The provisions made for opting out of the prayer provide no solution to this discrimination. The prayer policy requires teachers to “ensure that non-participants are treated discreetly and with respect at all times.” The June 24th online edition of the Taber Times reported that non-praying students would be given the honoured task of delivering class attendance sheets to the office during the prayer. This hardly fulfills the requirement for discretion as it clearly identifies non-participants and strikes me as a weak attempt at patronizing opponents of the prayer. Indeed, if this task is as coveted as Mr. Tymensen alleges, Christian students may well feel disadvantaged and this could lead to increased animosity. The plan is also unfeasible if there is more than one non-conformist in a class. The other proposed solution, that the prayer would be recited while seated, also accomplishes nothing as it subjects non-Christian students and teachers to a religious ritual as a condition of their education or employment. Regardless of any devotional or spiritual content, communal rituals are exercises in social power, marking the “proper” way to belong to a group. In September, the school day at Dr. Hamman School will begin with the national anthem that celebrates Canadian identity. This is to be followed by the taking of attendance, something that marks participation in the classroom community. Following these actions, the Lord’s Prayer is to be recited. This symbolically construes Christianity as a normative marker of belonging in the class. For non-participants this hardly constitutes the basis for an inclusive school environment.
There are also some shocking statements in your policy, one of which reads, “Students exempt from partaking in recitation of the Lord’s Prayer are still expected to adhere to behavior expectations during the regular school day.” This wording implies that the behavior of children who don’t pray is likely to be worse than those who do; this is clearly discriminatory. The policy’s preamble says that the Board of Trustees not only believes in religious tolerance, diversity, and inclusiveness, but also in “the provision of appropriate opportunities for students to give expression to their religious beliefs”. I am curious about what opportunities would be given to students of non-Christian religions and whether such expressions would receive the same acknowledgement in the school’s daily schedule as the Lord’s Prayer receives.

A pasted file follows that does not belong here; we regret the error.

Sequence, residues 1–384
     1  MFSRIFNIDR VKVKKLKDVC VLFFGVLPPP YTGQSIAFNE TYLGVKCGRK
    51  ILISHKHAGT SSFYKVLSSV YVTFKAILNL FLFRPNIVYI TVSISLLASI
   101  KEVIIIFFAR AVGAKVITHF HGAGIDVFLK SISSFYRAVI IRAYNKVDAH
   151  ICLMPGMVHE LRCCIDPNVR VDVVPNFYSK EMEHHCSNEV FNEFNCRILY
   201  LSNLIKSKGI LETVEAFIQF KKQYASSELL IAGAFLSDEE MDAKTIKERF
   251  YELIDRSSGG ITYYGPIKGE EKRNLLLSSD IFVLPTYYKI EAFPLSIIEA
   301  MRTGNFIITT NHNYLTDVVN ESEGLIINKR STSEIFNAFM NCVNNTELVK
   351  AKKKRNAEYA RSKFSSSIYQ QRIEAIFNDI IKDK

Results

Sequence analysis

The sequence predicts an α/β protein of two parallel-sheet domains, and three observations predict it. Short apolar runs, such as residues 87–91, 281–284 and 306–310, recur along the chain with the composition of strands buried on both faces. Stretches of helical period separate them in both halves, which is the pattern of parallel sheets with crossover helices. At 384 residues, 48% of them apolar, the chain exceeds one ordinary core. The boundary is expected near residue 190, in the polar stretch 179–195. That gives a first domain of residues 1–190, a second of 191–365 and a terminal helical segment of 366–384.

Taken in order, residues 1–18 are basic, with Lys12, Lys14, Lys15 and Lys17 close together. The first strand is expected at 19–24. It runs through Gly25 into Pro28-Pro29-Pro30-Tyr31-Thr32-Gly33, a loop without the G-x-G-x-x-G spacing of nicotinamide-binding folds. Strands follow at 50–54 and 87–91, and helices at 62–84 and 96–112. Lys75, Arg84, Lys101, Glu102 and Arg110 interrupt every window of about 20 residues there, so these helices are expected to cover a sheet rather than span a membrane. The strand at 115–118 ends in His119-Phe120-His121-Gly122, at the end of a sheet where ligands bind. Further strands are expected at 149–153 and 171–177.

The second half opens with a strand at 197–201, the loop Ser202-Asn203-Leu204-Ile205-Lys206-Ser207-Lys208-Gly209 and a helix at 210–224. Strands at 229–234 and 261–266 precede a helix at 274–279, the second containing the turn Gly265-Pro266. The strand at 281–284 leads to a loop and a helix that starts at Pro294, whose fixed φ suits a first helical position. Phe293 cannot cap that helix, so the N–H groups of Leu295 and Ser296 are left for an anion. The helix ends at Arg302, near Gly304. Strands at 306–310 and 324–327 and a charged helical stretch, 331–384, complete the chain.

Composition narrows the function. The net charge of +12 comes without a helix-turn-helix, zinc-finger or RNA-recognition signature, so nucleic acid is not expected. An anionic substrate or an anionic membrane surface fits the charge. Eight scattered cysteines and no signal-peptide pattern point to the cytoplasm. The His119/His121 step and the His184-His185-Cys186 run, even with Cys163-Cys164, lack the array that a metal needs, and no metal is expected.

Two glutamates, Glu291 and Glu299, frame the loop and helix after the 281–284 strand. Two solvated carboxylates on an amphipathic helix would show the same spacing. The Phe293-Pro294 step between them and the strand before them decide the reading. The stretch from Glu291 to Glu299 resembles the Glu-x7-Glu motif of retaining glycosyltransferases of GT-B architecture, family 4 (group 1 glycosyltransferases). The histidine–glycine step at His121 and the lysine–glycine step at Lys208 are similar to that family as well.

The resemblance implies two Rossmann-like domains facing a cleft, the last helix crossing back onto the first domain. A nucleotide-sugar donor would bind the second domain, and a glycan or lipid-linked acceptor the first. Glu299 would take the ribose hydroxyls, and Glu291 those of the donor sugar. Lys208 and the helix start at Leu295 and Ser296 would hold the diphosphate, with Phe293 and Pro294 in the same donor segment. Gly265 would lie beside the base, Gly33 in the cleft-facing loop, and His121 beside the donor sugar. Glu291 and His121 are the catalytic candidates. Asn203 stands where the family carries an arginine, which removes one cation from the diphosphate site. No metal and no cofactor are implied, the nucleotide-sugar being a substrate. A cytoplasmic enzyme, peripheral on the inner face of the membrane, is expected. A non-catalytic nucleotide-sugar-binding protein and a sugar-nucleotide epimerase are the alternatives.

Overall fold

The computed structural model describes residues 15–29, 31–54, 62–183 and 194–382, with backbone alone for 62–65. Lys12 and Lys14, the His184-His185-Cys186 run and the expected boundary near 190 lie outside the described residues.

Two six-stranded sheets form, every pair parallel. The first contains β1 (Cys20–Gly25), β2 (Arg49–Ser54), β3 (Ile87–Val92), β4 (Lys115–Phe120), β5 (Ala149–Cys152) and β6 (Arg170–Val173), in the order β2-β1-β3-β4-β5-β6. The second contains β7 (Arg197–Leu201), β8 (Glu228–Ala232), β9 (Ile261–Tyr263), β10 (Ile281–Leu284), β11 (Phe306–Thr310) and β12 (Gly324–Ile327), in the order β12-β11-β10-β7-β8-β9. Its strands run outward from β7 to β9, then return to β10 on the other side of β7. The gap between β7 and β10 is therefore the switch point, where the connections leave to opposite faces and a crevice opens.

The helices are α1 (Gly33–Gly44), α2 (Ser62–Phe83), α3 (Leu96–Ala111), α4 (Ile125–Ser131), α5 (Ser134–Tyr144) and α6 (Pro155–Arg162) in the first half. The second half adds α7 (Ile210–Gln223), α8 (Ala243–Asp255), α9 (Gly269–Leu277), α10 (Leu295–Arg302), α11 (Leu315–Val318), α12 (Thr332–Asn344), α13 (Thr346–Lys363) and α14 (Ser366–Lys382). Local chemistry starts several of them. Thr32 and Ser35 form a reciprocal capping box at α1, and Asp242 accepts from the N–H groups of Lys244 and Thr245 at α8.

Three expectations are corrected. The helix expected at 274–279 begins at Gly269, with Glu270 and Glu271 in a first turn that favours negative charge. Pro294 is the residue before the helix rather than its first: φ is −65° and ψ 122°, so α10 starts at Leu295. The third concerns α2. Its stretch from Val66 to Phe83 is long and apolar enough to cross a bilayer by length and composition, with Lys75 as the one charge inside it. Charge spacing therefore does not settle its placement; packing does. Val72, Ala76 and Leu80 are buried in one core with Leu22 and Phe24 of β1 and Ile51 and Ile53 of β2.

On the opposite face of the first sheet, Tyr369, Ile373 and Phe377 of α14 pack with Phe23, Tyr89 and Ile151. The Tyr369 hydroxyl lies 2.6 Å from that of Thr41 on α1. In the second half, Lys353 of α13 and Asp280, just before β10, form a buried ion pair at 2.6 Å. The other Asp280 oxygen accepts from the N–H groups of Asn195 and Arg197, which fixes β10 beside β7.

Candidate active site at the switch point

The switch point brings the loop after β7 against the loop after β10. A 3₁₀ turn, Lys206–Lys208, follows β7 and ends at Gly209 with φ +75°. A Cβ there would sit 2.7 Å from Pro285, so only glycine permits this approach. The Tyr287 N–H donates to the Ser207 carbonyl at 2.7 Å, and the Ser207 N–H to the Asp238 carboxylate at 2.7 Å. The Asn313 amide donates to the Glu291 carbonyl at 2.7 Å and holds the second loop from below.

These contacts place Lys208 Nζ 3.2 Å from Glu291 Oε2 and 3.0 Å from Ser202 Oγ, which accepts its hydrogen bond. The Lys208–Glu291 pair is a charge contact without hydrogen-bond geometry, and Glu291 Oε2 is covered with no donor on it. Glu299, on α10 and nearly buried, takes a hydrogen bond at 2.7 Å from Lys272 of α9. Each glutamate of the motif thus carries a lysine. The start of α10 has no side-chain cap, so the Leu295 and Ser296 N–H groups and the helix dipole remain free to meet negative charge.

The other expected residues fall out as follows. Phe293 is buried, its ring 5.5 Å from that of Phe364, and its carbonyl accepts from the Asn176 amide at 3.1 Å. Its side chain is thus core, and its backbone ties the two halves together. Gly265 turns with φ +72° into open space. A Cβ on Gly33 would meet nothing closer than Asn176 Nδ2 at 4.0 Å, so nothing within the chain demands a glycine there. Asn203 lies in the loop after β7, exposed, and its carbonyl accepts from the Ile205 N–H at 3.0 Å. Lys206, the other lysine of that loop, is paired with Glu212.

I understand that the vast majority of parents polled by the Horizon School District wanted the prayer reinstated. Your decision, however, surrenders the rights of the minority to the privilege of the majority. This is diametrically opposed to both your stated goal of producing a welcoming school environment for all and to the Charter of Rights and Freedoms, the basis for Canadian law. Continuing with the plan to reinstate prayer at Dr. Hamman School is purely an exercise in discriminatory privilege and irresponsible power that marginalizes and stigmatizes children you have the responsibility to protect. We do not have a free society at all if the rights of those in the minority are ignored by the powerful. Proper leadership in this matter would be to fulfill the School Division’s obligation of religious neutrality by abandoning the reinstatement of prayer and affirming to both students and their parents that sectarian privilege has no place in a public school or a free democracy.
/jl cc: Minister of Education D. Eggen, Premier R. Notley, MLA S. Phillips, MLA G. Hunter